That's what the vast majority of regular people do on a PC, and for those people a Chromebook is the ideal tool. There remains a small cadre of folks who need to do other things on a PC. Perhaps they are engineering jet aircraft or editing movies in Hollywood. They'll still need a Mac or Windows PC, but for the other 99% of us a Chromebook is a much better solution.
So what about Android? Doesn't Google already have an operating system? Why not just use that one?
It all sounds so good -- until you start to think about it. What's the purpose of a laptop -- or other form factor PC?
What I absolutely need from my laptop are these basic physical ingredients:
1. A screen that's at least 12 or 13 inches diagonally.
2. A keyboard that's as good as the best available in any Windows or Mac laptop.
3. A trackpad that's likewise as good as the best available in any Windows or Mac laptop.
Why do I need these basic physical accommodations? It should be basic knowledge, but here goes:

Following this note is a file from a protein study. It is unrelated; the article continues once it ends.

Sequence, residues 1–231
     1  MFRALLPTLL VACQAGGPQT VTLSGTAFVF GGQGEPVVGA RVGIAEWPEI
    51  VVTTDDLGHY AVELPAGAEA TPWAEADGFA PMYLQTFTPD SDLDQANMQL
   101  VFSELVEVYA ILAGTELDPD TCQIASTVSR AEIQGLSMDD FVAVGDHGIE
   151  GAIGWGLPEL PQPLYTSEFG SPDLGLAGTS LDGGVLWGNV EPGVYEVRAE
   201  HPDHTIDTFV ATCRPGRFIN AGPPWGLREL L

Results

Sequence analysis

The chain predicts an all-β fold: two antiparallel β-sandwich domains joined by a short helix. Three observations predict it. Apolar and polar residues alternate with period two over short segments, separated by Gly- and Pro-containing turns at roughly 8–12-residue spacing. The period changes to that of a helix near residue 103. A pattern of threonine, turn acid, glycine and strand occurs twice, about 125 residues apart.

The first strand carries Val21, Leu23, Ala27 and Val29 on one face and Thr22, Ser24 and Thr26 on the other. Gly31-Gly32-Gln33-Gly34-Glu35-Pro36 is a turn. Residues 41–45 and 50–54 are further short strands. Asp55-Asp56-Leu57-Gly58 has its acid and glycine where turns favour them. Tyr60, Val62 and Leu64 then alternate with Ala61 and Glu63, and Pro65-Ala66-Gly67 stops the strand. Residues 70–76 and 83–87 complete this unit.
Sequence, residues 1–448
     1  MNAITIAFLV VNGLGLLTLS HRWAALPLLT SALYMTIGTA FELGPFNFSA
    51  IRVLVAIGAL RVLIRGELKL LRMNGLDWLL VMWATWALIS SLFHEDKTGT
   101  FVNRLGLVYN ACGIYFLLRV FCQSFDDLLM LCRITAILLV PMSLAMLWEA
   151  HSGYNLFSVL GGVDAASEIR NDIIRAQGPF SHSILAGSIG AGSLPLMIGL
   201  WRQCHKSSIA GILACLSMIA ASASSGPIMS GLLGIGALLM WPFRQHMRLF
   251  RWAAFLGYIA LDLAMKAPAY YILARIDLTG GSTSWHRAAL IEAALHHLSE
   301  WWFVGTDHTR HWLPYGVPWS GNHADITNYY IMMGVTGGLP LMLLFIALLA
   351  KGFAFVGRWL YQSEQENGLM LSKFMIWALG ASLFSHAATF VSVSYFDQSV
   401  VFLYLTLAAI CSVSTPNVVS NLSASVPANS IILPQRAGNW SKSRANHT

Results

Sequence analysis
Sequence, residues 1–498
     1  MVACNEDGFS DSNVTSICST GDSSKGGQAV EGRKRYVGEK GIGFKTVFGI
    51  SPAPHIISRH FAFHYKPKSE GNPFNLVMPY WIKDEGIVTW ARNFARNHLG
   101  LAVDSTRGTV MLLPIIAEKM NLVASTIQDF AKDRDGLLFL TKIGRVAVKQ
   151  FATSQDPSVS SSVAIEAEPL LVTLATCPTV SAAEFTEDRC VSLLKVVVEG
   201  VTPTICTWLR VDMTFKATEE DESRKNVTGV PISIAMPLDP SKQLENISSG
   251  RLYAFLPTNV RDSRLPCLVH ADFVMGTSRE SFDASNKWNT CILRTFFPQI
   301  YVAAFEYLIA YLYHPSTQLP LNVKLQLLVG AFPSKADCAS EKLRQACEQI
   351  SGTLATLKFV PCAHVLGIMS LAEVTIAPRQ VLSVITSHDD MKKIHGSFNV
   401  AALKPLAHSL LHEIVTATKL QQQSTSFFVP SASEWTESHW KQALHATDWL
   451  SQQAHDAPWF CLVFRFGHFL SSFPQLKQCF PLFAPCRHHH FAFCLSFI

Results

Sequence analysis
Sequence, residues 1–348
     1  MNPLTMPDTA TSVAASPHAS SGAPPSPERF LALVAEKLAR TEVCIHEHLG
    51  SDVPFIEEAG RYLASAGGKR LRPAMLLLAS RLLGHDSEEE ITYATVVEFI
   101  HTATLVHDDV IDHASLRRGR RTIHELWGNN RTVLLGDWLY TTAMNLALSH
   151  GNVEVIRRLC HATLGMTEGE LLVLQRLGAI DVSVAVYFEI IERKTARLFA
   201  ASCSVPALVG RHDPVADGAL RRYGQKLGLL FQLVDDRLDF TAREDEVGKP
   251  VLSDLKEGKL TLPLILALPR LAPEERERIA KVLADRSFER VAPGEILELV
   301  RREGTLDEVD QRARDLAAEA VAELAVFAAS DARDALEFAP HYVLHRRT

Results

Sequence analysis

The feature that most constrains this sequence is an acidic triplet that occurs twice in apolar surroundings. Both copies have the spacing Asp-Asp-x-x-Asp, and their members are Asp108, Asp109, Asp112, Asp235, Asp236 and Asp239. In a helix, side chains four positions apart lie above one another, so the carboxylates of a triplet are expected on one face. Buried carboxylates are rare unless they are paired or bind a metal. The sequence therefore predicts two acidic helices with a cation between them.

What I do on my laptop is type and edit text. Compromising on the typing experience is not an option in any shape or form. It's like defeat in war -- simply not an option. The tools of this trade are the keyboard, the screen and the trackpad. They conform to my eyes, palms and fingers.
How many Android devices conform to these basic requirements? As best I can tell, almost none. I say almost because some new device may have recently snuck under my nose in a bewildering array of newly announced devices. There sure wasn't one until recently.
Let's bring this description down to Earth: I wouldn't type this article on any Android-anything that's available in the market, at least until recently.
Android is great -- on a phone and on a tablet -- and perhaps elsewhere, too. But aside from being harder to manage in terms of multi-user scenarios and general maintenance, it also doesn't do what people tend to do on a PC: enable me to type and edit as well as any regular laptop. That could be an email, an essay or a comment on a Facebook post or tweet.